These, however, usually involve targeted programs to compensate for specific, identifiable victims of past discrimination by state and local governments, and do not intend to convey permanent, group entitlements. No court or public agency has ever found OPRF High School to practice racial discrimination against its students. This other level is “intermediate scrutiny.” For the layperson to understand some of these matters, the Oak Park Public Library has West’s Encyclopedia of American Law, with its article on “Equal Protection”. Any good text on American government will also explain these things. You can also ask your neighbor the lawyer, since all lawyers have to take a course on Constitutional Law.
Racial hiring preferences
Supt. Weninger has announced that he has considered racial targets in hiring faculty, to start to match the racial composition of the student body. The Supreme Court has indicated that such policies also violate the 14th Amendment. OPRF ran into a related problem about a dozen years ago, when it had racial preferences in its layoff policy, which violated the Wygant decision. After I pointed that out, the school removed the preferences. Now we are back to square one. To borrow a line from Talleyrand about the Bourbon royalty of France: “They have learned nothing, and they have forgotten nothing.”
Filing a complaint
Any parent or student affected can file a complaint with the U.S. Department of Justice, under the United States Code, 42 USC 2000 c-6 (a librarian can help you find this at the OPPL). You can also find out more by Googling “U.S. Department of Justice Equal Protection”, which should lead you to a page on DOJ’s website. If DOJ finds the complaint to be meritorious, and DOJ finds that you (such as a student) lack the resources to take OPRF to court, fear retaliation, and the like, DOJ can take on the matter itself. It can keep your identity confidential, since it would be the accuser in any court action, after investigating on its own. There is little to investigate, since the policy speaks for itself. The factual matters are clear, and this is primarily a matter of law. DOJ could persuade OPRF to rescind the policy. Failing that, it could seek a permanent injunction prohibiting the implementation of the discriminatory policy.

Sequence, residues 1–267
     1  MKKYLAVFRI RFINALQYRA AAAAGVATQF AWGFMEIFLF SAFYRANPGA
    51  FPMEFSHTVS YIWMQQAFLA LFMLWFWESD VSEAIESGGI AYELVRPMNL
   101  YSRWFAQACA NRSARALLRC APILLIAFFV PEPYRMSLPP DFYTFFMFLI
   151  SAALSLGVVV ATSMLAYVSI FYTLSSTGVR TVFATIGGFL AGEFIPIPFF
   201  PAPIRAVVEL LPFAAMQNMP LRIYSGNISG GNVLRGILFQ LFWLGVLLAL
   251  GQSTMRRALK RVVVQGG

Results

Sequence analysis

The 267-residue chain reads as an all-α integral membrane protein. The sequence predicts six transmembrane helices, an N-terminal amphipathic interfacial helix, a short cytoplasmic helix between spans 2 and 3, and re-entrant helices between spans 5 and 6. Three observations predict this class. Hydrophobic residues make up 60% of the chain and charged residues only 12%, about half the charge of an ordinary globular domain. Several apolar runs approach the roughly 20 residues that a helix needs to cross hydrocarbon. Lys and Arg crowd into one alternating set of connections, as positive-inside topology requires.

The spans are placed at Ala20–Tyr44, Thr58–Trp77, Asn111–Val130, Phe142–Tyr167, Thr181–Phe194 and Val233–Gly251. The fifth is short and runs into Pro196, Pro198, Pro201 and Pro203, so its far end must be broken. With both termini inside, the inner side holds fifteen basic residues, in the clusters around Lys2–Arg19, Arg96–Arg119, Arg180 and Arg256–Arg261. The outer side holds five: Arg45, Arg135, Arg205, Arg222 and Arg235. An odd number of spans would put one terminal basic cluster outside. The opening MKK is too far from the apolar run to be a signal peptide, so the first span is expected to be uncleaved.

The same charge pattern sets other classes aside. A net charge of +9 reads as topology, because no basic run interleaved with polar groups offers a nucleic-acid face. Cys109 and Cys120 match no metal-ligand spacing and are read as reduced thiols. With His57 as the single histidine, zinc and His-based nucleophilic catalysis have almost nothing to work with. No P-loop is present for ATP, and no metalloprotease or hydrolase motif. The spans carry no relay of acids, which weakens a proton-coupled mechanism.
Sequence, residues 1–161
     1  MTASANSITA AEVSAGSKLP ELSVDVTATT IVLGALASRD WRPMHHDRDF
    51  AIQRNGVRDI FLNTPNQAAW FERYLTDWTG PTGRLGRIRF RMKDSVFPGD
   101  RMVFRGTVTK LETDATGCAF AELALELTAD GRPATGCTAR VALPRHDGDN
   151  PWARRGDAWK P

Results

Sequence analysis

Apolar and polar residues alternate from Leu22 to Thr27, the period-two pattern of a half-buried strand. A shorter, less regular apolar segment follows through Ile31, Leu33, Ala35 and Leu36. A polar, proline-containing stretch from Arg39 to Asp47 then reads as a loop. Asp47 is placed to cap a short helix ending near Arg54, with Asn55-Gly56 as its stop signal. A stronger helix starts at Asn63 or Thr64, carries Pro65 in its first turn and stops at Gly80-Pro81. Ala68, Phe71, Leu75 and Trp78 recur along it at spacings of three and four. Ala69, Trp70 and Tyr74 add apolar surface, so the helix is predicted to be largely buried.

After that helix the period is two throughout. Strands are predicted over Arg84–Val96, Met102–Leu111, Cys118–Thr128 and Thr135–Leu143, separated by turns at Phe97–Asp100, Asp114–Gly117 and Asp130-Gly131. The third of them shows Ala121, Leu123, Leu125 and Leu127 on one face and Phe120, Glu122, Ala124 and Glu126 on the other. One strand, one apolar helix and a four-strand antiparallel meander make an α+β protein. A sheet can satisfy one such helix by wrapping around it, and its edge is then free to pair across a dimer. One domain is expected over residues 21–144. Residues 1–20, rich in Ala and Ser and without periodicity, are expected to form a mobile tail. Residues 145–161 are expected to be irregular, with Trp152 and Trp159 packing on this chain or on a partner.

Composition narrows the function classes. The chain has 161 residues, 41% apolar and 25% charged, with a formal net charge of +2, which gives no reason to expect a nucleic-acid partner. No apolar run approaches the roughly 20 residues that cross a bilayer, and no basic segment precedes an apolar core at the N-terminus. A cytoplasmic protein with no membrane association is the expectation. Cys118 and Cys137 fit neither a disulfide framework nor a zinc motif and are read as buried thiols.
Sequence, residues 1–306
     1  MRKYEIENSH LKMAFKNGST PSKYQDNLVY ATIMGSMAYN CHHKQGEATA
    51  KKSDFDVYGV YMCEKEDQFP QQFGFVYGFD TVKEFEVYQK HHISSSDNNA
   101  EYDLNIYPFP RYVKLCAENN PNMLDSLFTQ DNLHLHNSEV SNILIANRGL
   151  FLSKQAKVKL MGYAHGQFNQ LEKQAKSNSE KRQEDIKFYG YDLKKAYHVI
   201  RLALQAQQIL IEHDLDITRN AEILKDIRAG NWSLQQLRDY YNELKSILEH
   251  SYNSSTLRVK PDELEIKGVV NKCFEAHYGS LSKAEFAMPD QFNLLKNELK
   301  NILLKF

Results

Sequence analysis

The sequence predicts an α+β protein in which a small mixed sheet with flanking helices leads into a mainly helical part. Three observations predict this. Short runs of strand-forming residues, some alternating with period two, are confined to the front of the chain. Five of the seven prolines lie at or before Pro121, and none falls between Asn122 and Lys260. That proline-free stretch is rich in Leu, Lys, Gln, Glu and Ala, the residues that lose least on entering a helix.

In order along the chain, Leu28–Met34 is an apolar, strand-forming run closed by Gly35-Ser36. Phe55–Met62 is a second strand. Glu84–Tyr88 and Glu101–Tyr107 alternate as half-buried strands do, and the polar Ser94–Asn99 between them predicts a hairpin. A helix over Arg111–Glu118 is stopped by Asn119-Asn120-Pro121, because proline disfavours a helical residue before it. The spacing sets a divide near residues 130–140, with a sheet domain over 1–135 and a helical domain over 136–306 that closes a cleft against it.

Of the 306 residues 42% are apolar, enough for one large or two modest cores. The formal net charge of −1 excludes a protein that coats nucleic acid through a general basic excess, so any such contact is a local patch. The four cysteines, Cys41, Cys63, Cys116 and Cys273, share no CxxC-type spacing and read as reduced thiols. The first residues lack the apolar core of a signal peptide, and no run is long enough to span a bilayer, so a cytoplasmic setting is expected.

If OPRF is smart, it will rescind the policy now, and avoid the stigma of having a federal court enjoin it as a racially discriminatory public school. The board could ratify Supt. Weninger’s initial policy proposal. All of us Americans – blacks, Hispanics, people of Asian descent, whites, and others – can benefit. In the words of Dr. Martin Luther King Jr., we can then be judged by the content of our character, and not by the color of our skin. Anyone who wants to learn more may contact me by e-mail at email@example.com.